Ethics in Medicine

Bisphosphonates require caution, new labelling for Fosamax, Actonel, and Boniva

Kristen Sparrow • September 14, 2011

To file under “Beware of Blockbuster Drugs.”  See previous post entitled :Drugs causing the problems they’re supposed to prevent

Stronger Cautions Backed on Bone Drugs for Women

Two advisory panels to the Food and Drug Administration on Friday recommended increasing the cautionary language on the product labels of bone-building drugs taken by more than five million women in the United States.

But they stopped short of specifying what the safety warnings should say and did not recommend limiting use of the drugs to a proposed five years. About 11 percent of women 55 and older take the drugs to prevent bone fractures…
The benefits of the drugs have only been proven for three to five years, not longer, F.D.A. staff members said, warning about links to those rare conditions after longer use….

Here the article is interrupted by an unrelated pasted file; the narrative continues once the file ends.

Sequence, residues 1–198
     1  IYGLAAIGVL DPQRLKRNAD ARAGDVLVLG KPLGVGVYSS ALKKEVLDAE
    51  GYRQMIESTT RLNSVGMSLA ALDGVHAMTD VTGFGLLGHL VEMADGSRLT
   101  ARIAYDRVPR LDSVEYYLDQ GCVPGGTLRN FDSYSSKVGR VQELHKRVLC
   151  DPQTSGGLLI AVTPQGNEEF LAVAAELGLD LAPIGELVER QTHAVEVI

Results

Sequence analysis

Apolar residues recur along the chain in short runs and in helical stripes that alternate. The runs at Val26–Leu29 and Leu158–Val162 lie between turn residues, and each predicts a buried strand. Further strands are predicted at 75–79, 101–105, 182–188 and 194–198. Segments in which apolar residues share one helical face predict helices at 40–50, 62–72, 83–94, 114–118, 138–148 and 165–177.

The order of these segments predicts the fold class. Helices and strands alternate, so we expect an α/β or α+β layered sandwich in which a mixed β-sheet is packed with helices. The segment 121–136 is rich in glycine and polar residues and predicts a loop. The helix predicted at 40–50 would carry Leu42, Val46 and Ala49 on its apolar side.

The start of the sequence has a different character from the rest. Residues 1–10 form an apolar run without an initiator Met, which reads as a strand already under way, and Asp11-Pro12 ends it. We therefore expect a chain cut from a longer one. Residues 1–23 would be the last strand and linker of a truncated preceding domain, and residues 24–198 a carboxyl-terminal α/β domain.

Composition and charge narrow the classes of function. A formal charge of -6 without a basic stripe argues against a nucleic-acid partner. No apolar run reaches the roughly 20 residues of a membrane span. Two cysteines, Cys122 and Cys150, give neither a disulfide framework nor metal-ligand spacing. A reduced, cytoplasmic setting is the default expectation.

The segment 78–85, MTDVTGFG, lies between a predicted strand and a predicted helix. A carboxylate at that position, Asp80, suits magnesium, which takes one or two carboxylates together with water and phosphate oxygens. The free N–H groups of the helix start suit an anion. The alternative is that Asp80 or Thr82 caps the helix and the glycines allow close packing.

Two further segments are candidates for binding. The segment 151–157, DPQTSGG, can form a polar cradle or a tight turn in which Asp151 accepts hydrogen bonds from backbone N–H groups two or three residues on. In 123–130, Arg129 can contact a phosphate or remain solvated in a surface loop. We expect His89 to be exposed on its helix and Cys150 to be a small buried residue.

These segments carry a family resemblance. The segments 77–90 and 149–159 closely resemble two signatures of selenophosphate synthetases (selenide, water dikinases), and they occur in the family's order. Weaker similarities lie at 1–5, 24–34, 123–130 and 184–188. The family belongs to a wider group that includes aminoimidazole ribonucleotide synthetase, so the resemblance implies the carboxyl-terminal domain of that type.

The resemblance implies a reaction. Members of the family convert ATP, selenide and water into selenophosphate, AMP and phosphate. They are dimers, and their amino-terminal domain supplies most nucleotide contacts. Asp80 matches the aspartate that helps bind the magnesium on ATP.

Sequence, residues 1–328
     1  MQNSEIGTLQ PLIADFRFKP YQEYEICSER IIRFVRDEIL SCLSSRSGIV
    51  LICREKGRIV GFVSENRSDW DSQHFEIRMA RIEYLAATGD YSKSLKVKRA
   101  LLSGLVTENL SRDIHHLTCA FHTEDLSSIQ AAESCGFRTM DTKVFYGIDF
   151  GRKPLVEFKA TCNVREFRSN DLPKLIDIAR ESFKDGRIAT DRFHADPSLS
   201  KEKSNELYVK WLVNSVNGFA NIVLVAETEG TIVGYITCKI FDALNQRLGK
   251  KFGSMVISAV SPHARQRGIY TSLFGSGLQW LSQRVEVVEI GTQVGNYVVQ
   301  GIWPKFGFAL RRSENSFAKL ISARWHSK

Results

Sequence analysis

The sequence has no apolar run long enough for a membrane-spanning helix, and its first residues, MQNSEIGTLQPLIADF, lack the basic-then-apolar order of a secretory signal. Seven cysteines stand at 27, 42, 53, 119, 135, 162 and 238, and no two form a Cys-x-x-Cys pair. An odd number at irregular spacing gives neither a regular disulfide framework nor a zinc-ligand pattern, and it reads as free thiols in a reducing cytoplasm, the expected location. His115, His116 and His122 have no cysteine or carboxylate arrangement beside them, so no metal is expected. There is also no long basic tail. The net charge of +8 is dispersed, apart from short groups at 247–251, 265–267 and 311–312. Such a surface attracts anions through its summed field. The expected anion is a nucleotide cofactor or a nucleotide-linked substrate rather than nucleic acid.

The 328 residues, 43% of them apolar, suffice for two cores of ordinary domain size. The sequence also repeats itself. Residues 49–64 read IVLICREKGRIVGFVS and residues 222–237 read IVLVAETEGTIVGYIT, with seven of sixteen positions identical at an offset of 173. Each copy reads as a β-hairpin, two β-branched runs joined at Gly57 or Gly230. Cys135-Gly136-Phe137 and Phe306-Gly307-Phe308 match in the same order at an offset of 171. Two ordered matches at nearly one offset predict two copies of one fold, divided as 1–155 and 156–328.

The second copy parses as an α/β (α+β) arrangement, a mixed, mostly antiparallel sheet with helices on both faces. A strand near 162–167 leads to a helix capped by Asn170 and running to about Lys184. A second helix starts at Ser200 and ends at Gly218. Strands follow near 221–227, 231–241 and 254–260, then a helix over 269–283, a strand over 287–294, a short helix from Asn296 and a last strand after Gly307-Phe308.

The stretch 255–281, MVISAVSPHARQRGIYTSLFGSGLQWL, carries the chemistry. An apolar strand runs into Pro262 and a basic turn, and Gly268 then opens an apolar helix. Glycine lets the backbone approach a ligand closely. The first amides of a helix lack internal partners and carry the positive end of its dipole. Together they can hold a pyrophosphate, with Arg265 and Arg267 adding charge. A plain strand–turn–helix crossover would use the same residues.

Several women who have suffered the unusual fractures testified at the meeting.

Dr. Jennifer P. Schneider, whose thigh broke as she was standing in a New York subway, presented her own review of 111 cases.

Almost all took the drug for more than five years, most for a pre-osteoporosis condition called osteopenia, she said. Many felt pain in the thigh before the bone suddenly broke.

The first such drug, Fosamax, was marketed by Merck in 1995. Others include Actonel and Atelvia from Warner Chilcott and Boniva from Roche Therapeutics. Worldwide sales last year were $7.6 billion.

At a conference at UCSF last year, “Controversies in Women’s Health,”  I was very interested in the topic of bisphosphonates which was on the agenda.  The professor who gave the talk made light of any nasty side effects, but he also had published conflicts of interests.  He had done some of the initial work funded by the pharmaceutical industry.